Yet Another Black History Month Proclamation

Posted on January 31, 2022

a map showing redlining in Richmond, VA

Today’s Morning Buzz is brought to you by Nick Smith, local government alum & amateur civic futurist. Connect with him on Linkedin and Twitter.

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This Morning Buzz is for white people:

If your council is going to issue a proclamation declaring February as Black History Month, or if you’re planning some sort of social media post for tomorrow, you need to stop for a minute.

You need to look around and ask yourself, “what’s being done differently than the last time we did this?”

I’m sure your organization has some sort of Diversity Training where a third of the staff piles into a conference room on a Thursday when it fits their schedule and eats a boxed turkey sandwich while someone says “don’t be racist,” but what’s actually changing?

Are there any more Black voices on your dais since then?
Are there any more Black voices in your meetings?
Are there any more Black voices on your senior leadership team?
Are there any more Black voices in your office?

Are there any more Black voices in your ear at all?

Why not?

I know, I’m all too familiar with “the speed of government” and its pitfalls, but it’s been almost two years since George Floyd and Breonna Taylor were murdered by civil servants, and no hiring process on the planet takes that long.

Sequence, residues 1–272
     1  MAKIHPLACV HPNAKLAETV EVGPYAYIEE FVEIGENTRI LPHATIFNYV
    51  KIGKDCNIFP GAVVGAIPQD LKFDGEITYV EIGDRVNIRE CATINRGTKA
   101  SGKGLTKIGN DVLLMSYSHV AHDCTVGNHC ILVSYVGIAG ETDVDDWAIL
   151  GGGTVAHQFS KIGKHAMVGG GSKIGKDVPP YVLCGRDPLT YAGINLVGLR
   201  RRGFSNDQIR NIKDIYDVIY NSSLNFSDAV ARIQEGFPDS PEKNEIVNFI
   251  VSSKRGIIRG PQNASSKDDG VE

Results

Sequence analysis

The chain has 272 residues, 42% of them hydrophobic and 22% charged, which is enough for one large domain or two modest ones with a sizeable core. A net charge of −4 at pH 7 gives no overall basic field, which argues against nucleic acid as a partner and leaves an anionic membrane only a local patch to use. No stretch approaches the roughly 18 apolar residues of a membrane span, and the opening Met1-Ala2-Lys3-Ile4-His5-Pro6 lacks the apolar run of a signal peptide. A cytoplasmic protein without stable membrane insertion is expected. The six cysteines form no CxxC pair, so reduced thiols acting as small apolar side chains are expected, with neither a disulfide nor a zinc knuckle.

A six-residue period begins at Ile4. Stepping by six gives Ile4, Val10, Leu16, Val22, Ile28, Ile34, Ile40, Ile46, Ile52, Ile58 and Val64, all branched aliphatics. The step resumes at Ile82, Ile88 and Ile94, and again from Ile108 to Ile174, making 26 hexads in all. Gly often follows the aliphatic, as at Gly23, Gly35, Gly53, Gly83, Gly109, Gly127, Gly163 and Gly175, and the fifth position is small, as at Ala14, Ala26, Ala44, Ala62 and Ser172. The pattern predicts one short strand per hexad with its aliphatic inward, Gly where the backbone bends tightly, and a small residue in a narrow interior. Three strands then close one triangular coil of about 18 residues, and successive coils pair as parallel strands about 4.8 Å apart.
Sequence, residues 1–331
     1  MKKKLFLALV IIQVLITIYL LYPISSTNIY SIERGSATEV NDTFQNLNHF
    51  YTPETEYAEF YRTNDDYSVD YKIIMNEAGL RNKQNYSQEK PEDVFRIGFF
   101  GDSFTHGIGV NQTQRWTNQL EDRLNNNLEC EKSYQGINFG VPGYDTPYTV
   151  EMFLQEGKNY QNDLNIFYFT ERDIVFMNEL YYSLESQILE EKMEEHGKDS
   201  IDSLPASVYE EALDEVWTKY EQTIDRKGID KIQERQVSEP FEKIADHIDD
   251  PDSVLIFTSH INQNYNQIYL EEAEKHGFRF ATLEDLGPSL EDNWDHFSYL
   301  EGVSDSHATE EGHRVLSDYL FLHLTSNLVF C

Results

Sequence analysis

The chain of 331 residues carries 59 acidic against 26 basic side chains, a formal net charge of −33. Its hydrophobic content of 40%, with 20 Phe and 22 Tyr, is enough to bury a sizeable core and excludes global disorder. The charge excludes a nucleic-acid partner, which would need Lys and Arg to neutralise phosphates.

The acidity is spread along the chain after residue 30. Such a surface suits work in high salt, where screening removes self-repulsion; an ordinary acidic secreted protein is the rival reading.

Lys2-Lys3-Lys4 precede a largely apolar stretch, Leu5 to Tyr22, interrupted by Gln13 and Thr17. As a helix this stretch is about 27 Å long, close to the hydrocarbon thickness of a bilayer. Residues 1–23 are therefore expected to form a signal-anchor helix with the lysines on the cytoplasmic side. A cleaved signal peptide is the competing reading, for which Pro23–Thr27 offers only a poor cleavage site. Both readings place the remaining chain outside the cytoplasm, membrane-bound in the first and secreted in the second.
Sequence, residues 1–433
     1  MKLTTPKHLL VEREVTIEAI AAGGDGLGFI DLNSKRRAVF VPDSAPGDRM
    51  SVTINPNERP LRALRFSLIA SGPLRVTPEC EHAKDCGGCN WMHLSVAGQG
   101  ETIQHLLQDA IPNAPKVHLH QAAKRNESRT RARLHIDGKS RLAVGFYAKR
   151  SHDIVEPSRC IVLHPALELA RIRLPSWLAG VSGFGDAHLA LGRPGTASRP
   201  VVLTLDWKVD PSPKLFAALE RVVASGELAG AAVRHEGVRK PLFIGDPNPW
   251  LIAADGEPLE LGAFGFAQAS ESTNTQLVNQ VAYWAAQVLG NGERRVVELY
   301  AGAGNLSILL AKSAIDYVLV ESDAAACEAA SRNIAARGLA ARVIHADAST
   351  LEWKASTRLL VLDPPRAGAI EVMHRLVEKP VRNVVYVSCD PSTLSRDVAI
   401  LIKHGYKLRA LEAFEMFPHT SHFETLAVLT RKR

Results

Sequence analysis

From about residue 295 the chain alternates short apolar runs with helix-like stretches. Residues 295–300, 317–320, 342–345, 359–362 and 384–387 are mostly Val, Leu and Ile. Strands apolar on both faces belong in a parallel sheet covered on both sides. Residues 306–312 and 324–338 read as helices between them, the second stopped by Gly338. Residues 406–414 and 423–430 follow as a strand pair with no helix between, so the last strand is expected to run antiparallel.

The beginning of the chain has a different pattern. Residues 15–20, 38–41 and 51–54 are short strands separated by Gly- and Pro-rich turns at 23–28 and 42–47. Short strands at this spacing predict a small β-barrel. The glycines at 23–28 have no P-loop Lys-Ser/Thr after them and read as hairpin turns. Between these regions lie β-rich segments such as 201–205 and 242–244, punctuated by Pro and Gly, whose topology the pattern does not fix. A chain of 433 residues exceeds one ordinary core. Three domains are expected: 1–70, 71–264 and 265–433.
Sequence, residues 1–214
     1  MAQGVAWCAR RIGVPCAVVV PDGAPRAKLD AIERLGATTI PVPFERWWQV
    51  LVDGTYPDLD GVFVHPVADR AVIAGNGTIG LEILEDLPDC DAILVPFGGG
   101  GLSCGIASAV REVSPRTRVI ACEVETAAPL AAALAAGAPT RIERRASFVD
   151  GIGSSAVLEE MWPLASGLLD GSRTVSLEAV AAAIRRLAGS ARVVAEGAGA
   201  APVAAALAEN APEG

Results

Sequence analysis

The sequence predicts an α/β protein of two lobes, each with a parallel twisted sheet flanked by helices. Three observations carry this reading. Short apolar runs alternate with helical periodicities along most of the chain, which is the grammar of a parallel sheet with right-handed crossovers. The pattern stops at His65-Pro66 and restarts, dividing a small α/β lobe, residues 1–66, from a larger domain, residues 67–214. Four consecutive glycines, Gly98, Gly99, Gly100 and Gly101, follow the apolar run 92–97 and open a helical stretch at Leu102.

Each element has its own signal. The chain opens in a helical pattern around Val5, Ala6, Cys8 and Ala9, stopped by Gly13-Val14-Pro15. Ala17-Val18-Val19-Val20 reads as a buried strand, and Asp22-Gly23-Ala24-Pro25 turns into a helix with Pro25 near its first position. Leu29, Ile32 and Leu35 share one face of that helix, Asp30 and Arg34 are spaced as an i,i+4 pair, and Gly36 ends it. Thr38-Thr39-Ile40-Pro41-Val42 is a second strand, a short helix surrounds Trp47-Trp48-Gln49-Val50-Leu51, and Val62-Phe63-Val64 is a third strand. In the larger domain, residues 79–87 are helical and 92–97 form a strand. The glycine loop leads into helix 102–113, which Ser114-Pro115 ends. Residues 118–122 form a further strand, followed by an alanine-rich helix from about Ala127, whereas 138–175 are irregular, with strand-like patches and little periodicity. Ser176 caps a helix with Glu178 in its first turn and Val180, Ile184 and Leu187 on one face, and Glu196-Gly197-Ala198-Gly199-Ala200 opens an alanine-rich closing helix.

It was 400 years of way-too-slow and way-less-than-enough before that.

Local government, noble as the cause truly is, has been on the wrong side of too much Black history to blithely issue the same press release year after year after year like it’s helping.

Things don’t just bounce back 180 degrees at the stroke of a pen at the bottom of a contract or the bang of a gavel at the end of a meeting, but their arcs often can’t begin the long bend toward justice without them either.

If you’re fortunate enough to be in a place that’s actionably changing for the better, highlight the changes and lead by example.

If you’re not, find someplace that is, and advocate for that change in your own organization — because that’s the only way it’s going to manifest the change we need to see in our cities and towns.

It can be a new manager. It can be new housing. It can be new money for schools. It can be a new scholarship. It can be a new initiative to decriminalize homelessness. It can be a new plan to address the generational health impacts caused by redlining.

It can be almost anything aside from the same old “calling on the people of (wherever) to honor the history and achievements of” … yeah, that’s great, but you aren’t actually celebrating Black history unless you’re creating the Black futures that will shape human history too.

Just something to consider before the proclamation goes out.

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